Thoughts, essays, and writings on Liberty. Written by the heirs of Patrick Henry.

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January 16, 2007

Federal Judge Outlaws Hyperlinking

by Doug Mataconis

According to one U.S. District Court Judge in Texas, it’s against the law to hyperlink to copyrighted material if the copyright holder objects:

A federal judge in Texas has ruled that it is unlawful to provide a hyperlink to a Webcast if the copyright owner objects to it.

U.S. District Judge Sam Lindsay in the northern district of Texas granted a preliminary injunction against Robert Davis, who operated Supercrosslive.com and had been providing direct links to the live audiocasts of motorcycle racing events.

Lindsay ruled last week that “the link Davis provides on his Web site is not a ‘fair use’ of copyright material” and ordered him to cease linking directly to streaming audio files.

The audio Webcasts are copyrighted by SFX Motor Sports, a Texas company that is one of the largest producers of “Supercross” motorcycle racing events. SFX sued Davis in February, noting that fans who go to its own Web site will see the names and logos of sponsors including wireless company Amp’d Mobile. (Anyone who clicked on the link from Davis’ site, however, would not see the logos of companies that paid to be sponsors.)

Think for a second about what this means. You’re not posting copyright material yourself, you’re not even quoting from it. All you’re doing is linking to it. And yet, according to Judge Lindsey, this is a copyright violation. Of course, if he’s right, then the entire World Wide Web is nothing more than one big copyright violation, as John Dvorak points out:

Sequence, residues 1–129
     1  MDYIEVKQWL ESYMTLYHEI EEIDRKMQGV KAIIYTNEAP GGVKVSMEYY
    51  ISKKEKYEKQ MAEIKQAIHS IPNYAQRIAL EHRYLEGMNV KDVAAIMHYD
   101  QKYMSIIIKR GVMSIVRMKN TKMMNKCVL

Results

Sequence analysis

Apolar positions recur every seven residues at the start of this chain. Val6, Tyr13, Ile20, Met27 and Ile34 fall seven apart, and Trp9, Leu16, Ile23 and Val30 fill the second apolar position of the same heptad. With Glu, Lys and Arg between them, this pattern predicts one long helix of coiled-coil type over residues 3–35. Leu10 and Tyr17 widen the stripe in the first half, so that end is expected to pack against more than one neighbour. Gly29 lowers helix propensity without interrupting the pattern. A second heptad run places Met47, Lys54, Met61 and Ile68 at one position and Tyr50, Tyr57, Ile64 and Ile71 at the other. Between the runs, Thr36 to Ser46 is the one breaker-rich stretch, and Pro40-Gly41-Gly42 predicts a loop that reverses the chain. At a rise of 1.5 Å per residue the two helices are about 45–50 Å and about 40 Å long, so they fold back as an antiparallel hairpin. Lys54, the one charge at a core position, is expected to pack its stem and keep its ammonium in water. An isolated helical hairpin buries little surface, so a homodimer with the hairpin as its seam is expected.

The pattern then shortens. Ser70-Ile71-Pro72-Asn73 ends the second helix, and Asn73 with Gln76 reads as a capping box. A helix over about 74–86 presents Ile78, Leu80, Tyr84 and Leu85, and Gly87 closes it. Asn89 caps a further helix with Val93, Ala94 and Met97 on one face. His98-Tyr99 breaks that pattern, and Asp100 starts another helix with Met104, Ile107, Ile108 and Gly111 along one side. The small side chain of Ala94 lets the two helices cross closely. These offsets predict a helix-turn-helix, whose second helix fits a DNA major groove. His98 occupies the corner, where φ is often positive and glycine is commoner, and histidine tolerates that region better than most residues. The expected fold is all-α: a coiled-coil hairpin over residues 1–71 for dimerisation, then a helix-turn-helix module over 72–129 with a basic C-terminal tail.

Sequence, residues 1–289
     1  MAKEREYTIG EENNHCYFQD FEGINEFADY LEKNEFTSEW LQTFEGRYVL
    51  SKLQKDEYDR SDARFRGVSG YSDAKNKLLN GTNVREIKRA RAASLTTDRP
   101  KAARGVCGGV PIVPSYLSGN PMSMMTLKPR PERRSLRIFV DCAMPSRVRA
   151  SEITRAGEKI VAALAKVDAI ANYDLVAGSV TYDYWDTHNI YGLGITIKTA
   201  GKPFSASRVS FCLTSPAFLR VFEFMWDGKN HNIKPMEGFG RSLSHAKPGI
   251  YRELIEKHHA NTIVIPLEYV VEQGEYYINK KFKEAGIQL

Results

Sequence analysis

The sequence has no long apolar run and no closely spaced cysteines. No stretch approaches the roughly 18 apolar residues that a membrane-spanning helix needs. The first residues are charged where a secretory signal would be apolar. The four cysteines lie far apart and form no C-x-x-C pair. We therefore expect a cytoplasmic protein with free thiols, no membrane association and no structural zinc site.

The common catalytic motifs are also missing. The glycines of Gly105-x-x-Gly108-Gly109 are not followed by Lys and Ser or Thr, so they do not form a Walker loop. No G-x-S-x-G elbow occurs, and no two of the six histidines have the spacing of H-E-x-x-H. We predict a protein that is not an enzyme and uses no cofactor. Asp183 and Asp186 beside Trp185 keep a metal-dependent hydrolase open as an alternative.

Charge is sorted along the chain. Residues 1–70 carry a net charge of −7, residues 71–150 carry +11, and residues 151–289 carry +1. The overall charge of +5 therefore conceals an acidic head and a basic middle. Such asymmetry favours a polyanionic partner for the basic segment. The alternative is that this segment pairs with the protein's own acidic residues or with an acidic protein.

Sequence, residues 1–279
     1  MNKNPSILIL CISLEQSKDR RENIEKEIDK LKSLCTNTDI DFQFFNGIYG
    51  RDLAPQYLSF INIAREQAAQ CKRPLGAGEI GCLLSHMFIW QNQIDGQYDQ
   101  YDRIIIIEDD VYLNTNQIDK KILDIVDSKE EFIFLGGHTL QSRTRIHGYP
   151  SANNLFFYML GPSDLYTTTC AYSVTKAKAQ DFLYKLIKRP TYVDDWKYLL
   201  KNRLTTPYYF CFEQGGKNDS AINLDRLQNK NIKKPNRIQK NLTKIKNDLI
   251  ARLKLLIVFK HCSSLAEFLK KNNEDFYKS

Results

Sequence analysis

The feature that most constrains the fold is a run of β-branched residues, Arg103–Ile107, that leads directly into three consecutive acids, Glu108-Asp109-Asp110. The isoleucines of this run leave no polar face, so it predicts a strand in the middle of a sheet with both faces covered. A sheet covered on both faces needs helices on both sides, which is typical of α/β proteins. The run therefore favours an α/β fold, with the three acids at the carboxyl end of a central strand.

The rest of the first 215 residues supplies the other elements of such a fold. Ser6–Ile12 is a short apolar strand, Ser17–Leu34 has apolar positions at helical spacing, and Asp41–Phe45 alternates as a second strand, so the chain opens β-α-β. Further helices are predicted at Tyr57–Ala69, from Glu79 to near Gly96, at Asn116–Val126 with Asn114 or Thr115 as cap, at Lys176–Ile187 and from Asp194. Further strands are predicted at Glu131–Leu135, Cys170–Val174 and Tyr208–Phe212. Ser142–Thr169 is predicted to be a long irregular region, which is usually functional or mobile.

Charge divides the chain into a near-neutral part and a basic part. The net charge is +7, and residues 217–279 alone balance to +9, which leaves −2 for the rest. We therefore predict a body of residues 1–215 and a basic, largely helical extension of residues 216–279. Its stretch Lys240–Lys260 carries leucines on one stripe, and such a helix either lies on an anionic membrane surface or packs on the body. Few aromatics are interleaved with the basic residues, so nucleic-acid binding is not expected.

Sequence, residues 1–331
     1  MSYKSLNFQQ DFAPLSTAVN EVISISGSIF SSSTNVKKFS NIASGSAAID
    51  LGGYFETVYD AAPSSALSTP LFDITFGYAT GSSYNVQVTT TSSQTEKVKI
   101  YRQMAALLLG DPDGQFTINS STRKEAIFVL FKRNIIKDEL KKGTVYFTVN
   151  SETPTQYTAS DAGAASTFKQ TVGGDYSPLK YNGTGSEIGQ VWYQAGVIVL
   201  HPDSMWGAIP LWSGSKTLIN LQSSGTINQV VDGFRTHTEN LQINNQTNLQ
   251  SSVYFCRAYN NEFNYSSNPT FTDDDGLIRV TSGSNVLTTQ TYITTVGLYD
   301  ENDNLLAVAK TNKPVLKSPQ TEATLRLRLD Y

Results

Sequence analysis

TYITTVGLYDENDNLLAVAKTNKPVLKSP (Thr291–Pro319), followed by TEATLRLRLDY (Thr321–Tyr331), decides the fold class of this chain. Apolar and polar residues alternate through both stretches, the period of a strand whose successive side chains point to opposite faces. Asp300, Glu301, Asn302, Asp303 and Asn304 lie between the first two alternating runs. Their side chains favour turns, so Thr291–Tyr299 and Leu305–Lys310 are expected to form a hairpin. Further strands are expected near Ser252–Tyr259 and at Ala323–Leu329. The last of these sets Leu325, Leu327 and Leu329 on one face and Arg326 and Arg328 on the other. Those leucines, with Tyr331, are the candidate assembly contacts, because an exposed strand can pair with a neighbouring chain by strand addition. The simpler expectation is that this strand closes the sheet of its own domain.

A link is a link. Banning deep linking is a step towards banning all linking, and what does that do for the Google business model? Where are the Google attorneys helping out in this case? Are they helping out on the appeal? If not, then why not?

How do we even use the Internet if deep linking is illegal for some reason? We don’t, that’s how. Goodbye, Amazon. Hey Jeff, did you help out on this case?

Cases like this point out the problems I have with the entire concept of intellectual property law. How am I violating your rights if I post a link on my website to something you posted on yours ?

It’s not as if I took your content and appropriated it as my own. Heck, I haven’t even altered your content to make it appear original. Moreover, if you don’t want me deeplinking to your site, the you can take steps to make sure that won’t happen, but not doing so, you are implicitly saying it’s acceptable.

Of course, as the New York Times has discovered, hiding content behind a firewall seldom leads to success.

H/T: QandO

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4 Comments

  1. Name one blogger that won’t be put out of business by this decision if it is upheld by the Supreme Court.

    Comment by Kevin — January 16, 2007 @ 10:24 pm
  2. this same issue has been up, and dismissed on appeal several times already; and almost certainly will be again.

    Comment by Chris Byrne — January 17, 2007 @ 9:34 am
  3. This might pass muster on appeal. “unlawful to provide a hyperlink to a Webcast if the copyright owner objects to it.” That phrase if the copyrighter objects is key, and since it narrows the definition of what is unlawful it might pass muster.

    That said, why did “SFX Motor Sports” feel the need to sue? Why not just block deep linking to their video feeds?

    - Jordan

    Comment by JoJo — January 17, 2007 @ 12:16 pm
  4. Amazing. This is like throwing $20 bills on the street and charging anyone who picks one up with theft.
    If you want your intellectual property kept private then don’t put it out someplace public. Ya know, like the internet.

    Comment by tkc — January 17, 2007 @ 5:43 pm

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